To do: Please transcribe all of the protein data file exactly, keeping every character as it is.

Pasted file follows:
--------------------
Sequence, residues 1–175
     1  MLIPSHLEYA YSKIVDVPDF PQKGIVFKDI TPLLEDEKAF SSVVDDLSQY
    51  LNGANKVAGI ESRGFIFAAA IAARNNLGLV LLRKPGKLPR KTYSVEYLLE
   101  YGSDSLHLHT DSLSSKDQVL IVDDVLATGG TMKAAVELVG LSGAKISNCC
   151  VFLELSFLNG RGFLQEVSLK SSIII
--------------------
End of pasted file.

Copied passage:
Sequence, residues 1–175
     1  MLIPSHLEYA YSKIVDVPDF PQKGIVFKDI TPLLEDEKAF SSVVDDLSQY
    51  LNGANKVAGI ESRGFIFAAA IAARNNLGLV LLRKPGKLPR KTYSVEYLLE
   101  YGSDSLHLHT DSLSSKDQVL IVDDVLATGG TMKAAVELVG LSGAKISNCC
   151  VFLELSFLNG RGFLQEVSLK SSIII